A German artist who won a major prize for photography has turned down the award after revealing his work was created with help from artificial intelligence (AI).
Photographer Boris Eldagsen won the creative category of the open competition for the Sony World Photography Awards 2023 with his “photograph,” titled “Pseudomnesia: The Electrician.” The image, which depicted an older woman holding a younger in black and white, was “the first AI generated image to win in a prestigious international Photography competition,” Eldagsen said in a statement posted on his website.
“How many of you knew or suspected that it was AI generated? Something about this doesn’t feel right, does it? Eldagsen said. “AI images and photography should not compete with each other in an award like this. They are different entities. AI is not photography. Therefore I will not accept the award,”
Calling himself a “cheeky monkey,” the artist explained that he submitted an AI-generated image to the competition to instigate a debate over “what we want to consider photography.”
In this photo illustration, a Midjourney logo is seen on a smartphone screen. (Pavlo Gonchar/SOPA Images/LightRocket via Getty Images)
“Is the umbrella of photography large enough to invite AI images to enter – or would this be a mistake?” Eldagsen asked. “With my refusal of the award I hope to speed up this debate.”
Artificially generated images have flooded the internet as AI technology has grown more popular. With a few simple text prompts, bots like Midjourney or DALL·E 2 can create stunning visuals — although the results are not always quite right. The technology has prompted complex questions about the nature of art, as well as more practical concerns over deepfakes used in pornography or images that can spread misinformation.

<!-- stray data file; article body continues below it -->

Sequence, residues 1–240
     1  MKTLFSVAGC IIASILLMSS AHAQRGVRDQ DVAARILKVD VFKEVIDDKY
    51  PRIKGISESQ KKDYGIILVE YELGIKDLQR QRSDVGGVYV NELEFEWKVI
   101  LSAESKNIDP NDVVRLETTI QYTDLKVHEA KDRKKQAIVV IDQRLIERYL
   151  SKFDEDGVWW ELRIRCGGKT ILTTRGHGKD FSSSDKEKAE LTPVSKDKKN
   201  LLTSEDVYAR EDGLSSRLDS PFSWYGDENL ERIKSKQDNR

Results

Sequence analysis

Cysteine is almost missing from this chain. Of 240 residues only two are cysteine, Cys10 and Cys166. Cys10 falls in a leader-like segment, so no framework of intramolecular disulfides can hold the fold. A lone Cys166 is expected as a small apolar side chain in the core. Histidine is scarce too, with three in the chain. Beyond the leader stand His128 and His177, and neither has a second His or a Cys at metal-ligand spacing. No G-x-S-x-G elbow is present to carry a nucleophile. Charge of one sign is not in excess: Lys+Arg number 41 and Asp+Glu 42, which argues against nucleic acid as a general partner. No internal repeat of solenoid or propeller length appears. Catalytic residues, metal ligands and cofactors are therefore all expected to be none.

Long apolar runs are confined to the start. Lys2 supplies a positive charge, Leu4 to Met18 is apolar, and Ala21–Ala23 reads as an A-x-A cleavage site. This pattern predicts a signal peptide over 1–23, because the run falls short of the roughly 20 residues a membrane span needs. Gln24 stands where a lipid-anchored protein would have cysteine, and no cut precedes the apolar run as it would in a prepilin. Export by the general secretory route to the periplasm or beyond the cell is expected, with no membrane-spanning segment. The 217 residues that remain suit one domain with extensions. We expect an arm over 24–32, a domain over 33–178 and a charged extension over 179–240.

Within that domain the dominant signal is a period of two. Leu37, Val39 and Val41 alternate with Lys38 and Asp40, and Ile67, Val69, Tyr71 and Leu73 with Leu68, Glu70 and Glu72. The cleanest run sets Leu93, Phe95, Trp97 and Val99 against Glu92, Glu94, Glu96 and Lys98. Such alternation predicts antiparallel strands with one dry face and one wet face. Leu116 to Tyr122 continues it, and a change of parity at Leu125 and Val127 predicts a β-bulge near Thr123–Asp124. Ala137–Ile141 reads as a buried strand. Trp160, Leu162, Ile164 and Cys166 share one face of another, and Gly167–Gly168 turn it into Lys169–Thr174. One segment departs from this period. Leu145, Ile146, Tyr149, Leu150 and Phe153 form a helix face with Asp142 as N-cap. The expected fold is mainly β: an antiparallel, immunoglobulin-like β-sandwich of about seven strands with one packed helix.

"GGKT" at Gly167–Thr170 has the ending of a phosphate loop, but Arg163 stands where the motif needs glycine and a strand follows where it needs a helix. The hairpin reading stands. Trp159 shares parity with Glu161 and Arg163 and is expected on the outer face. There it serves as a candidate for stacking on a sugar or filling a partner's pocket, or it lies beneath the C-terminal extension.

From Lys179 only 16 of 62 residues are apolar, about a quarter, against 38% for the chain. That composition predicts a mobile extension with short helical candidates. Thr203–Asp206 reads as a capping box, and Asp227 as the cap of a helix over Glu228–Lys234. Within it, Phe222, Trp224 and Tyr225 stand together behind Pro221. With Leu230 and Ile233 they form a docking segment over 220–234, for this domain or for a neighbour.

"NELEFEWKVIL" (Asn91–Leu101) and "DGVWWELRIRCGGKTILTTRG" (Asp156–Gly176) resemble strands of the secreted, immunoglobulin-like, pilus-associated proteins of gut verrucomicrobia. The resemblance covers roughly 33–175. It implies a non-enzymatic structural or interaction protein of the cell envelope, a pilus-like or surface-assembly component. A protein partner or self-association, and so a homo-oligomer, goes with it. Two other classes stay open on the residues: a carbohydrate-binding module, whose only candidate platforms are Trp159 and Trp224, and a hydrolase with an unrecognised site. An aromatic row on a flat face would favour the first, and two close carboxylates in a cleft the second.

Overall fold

Eldagsen had expressed interest in “exploring the creative possibilities of AI generators,” according to his own account on his website. The artist criticized the competition organizers for neglecting to disclose that his image had been made using AI before he was announced as a winner.
A spokesperson for the World Photography Organisation, a subsidiary of the events company Creo, told the BBC that Eldagsen had informed the judges that his entry was a “co-creation” with AI and said that he fulfilled their criteria because the image “relies on his ‘wealth of photographic knowledge.'”
Symbolic photo: The website of Midjourney, an artificial intelligence capable of creating AI art, is seen on a smartphone on April 3, 2023, in Berlin. (Thomas Trutschel/Photothek via Getty Images)
“The creative category of the open competition welcomes various experimental approaches to image-making, from cyanotypes and rayographs to cutting-edge digital practices,” the World Photography Organisation said.
“As such, following our correspondence with Boris [Eldagsen] and the warranties he provided, we felt that his entry fulfilled the criteria for this category, and we were supportive of his participation.
The World Photography Organisations said that AI art falls under “cutting-edge digital practices.” (iStock)
“Additionally, we were looking forward to engaging in a more in-depth discussion on this topic and welcomed Boris’ wish for dialogue by preparing questions for a dedicated Q&A with him for our website.”
The spokesperson said that since Eldagsen has declined the award, they have removed him from the competition “in keeping with his wishes.”